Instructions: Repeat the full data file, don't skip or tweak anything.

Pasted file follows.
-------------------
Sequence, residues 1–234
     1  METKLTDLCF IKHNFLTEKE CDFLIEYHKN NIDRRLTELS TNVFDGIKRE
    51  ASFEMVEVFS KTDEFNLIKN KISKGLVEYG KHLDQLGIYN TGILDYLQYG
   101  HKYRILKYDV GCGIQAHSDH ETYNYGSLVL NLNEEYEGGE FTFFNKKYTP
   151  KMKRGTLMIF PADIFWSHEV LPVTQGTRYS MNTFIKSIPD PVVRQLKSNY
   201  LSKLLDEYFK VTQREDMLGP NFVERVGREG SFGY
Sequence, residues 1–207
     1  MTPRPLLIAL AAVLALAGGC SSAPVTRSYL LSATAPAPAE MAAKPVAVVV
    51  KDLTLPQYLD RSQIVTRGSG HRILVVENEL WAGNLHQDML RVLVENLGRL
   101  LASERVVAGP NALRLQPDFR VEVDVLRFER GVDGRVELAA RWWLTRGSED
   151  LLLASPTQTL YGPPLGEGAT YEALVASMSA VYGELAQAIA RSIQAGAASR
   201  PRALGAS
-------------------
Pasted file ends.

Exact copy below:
Sequence, residues 1–234
     1  METKLTDLCF IKHNFLTEKE CDFLIEYHKN NIDRRLTELS TNVFDGIKRE
    51  ASFEMVEVFS KTDEFNLIKN KISKGLVEYG KHLDQLGIYN TGILDYLQYG
   101  HKYRILKYDV GCGIQAHSDH ETYNYGSLVL NLNEEYEGGE FTFFNKKYTP
   151  KMKRGTLMIF PADIFWSHEV LPVTQGTRYS MNTFIKSIPD PVVRQLKSNY
   201  LSKLLDEYFK VTQREDMLGP NFVERVGREG SFGY
Sequence, residues 1–207
     1  MTPRPLLIAL AAVLALAGGC SSAPVTRSYL LSATAPAPAE MAAKPVAVVV
    51  KDLTLPQYLD RSQIVTRGSG HRILVVENEL WAGNLHQDML RVLVENLGRL
   101  LASERVVAGP NALRLQPDFR VEVDVLRFER GVDGRVELAA RWWLTRGSED
   151  LLLASPTQTL YGPPLGEGAT YEALVASMSA VYGELAQAIA RSIQAGAASR
   201  PRALGAS